Rolling Stone rape story sends shock waves -- and stretches credulity

The media have yet to corroborate the reporting of the UVA rape scandal

Rolling Stone has published an incredible story about a rape at the University of Virginia. The story has sent shock waves around the country.

But when I say the story is incredible, I mean that in the literal, largely abandoned sense of the word. It is not credible — I don't believe it.

I am not saying terrible things don't happen. I don't think the author of the story, Sabrina Rubin Erdely, is deliberately fabricating facts, , nor do I believe that all of her reporting is wrong. There may in fact be an outrageously callous attitude toward sexual assaults at UVA. Rape, particularly date rape, may be a major problem there. I've talked to enough people with connections to the campus who think that part is credible enough.

But the central story isn't about a spontaneous alcohol-fueled case of some cretin refusing to take no for an answer (an inexcusable offense in my opinion). It is an account of a sober, well-planned gang rape by seven fraternity pledges at the direction of two members. If true, lots of people need to go to jail for decades — if.

The basic story is this: Jackie was asked out on a date her freshman year by a junior named “Drew” (not his real name). After dinner, they went to a party at Phi Kappa Psi. Very quickly, Drew asks Jackie, “Want to go upstairs, where it's quieter?”

Excited, Jackie is led to a “pitch black” bedroom. Almost instantly she is thrown on the floor. A heavy person jumps on top of her. A hand covers her mouth. Someone gets between her legs. Someone else kneels on her hair. And for the next three hours she's brutally raped and beaten, with Drew and another upperclassman supposedly shouting out instructions to the pledges, referring to Jackie as “it.”

Much of what is alleged (though Erdely never uses the word “alleged”) isn't suitable for a family paper. Some of the rest is unpersuasive. The pitch-black darkness doesn't prevent Jackie from counting the pledges or from recognizing an attacker. The nicknames she hears — “Armpit” and “Blanket” — sound bizarre, even by fraternity standards.

At 3 a.m. Jackie leaves the still-raging party, “her face beaten, dress spattered with blood,” without anyone seeing her. Distraught, she calls three friends, Andy, Randall and Cindy (not their real names) for help. They arrive in “minutes.” One of the male friends says they have to take her to the hospital. Cindy replies, “Is that such a good idea?” adding, “Her reputation will be shot for the next four years.”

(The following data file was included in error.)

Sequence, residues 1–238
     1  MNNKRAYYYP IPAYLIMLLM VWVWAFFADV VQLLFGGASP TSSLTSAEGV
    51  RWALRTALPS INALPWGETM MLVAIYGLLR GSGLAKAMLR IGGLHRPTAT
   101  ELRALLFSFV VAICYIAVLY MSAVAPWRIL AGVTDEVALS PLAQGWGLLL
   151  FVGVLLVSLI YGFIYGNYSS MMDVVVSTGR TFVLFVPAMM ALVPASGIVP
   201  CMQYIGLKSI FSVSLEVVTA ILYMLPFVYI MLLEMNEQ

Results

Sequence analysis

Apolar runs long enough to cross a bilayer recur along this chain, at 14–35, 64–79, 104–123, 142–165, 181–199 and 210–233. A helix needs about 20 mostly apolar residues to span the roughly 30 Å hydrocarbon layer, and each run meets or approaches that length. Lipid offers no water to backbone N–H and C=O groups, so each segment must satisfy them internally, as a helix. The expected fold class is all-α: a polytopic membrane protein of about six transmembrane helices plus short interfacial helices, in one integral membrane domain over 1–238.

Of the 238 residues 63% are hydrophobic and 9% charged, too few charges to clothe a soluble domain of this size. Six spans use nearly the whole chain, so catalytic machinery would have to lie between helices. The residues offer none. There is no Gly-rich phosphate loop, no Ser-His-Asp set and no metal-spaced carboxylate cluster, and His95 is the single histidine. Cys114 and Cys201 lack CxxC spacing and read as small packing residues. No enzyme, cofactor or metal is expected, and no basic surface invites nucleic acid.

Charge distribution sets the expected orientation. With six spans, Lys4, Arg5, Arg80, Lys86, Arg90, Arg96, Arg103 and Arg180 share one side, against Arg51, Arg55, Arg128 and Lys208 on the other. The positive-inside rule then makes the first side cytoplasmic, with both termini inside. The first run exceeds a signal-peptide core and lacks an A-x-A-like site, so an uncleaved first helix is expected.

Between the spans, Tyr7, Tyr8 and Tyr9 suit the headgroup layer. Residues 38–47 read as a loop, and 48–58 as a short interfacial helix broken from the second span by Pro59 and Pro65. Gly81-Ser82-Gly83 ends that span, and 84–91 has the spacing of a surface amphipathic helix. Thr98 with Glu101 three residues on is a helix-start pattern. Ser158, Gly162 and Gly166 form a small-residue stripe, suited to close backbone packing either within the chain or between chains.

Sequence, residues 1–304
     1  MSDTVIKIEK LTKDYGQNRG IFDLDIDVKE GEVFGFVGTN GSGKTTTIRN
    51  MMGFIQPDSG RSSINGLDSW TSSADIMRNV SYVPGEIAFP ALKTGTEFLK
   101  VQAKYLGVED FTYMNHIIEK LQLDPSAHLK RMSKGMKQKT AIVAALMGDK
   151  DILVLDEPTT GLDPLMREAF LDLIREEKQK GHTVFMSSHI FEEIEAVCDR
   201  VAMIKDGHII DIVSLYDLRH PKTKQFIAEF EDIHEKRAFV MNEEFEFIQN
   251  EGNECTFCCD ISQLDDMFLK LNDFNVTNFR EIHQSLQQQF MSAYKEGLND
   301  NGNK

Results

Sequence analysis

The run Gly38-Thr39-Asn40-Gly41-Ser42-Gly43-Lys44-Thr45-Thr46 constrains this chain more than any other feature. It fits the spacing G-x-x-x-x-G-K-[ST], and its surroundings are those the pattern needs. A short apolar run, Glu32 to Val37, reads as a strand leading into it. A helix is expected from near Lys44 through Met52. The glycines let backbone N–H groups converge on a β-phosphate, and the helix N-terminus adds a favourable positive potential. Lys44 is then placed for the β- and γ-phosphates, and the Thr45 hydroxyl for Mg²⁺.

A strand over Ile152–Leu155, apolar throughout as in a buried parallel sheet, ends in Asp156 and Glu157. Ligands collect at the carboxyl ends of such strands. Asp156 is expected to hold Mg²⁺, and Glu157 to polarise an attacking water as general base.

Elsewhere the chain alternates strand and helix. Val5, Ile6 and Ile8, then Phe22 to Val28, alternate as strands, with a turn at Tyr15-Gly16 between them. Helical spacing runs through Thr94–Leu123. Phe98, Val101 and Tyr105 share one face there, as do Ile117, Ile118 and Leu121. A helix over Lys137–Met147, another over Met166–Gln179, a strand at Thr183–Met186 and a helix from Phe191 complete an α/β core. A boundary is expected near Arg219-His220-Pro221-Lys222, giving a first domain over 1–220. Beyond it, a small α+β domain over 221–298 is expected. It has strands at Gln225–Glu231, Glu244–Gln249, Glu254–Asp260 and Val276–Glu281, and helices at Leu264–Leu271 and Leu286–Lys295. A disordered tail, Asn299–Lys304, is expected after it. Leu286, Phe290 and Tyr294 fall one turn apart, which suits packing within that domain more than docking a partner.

Erdely expounds: “Andy seconded the opinion, adding that since he and Randall both planned to rush fraternities, they ought to think this through. The three friends launched into a heated discussion about the social price of reporting Jackie's rape.”

Really? If that's true — and we don't know that Erdely talked to anyone but Jackie about that conversation — these are among the worst friends imaginable. And what a convenient conversation for an expose of rape culture.

Similarly, when Jackie reports what happened to school authorities — again, this was supposedly a brutal, premeditated gang rape at a prominent fraternity — the dean is described as responding with all the emotion you'd expect if Jackie wanted to change majors.

Erdely admits she set out to find a sexual assault story at an elite school. She looked at lots of other colleges, but none “felt quite right,” in the words of a Washington Post media column on the piece. But UVA — which Erdely would go on to describe in the Rolling Stone article as a school without a thriving “radical feminist culture seeking to upend the patriarchy” — was just right.

Erdely wouldn't tell the Washington Post if she made an effort to corroborate the story with Drew, let alone the pledges. Bizarrely, she won't even say whether she knows the rapists' real names. She seems more eager to talk about public policy than the facts she reported.

The same goes for much of the media, which have yet to independently corroborate the story, loading it instead with context about the “rape epidemic” and evidence supporting the questionable statistic that 1 in 5 college women are sexually assaulted. Then again, the media also uncritically reported Tawana Brawley's stories and those of the accusers of the Duke lacrosse team — until the rest of the media started doing their jobs.

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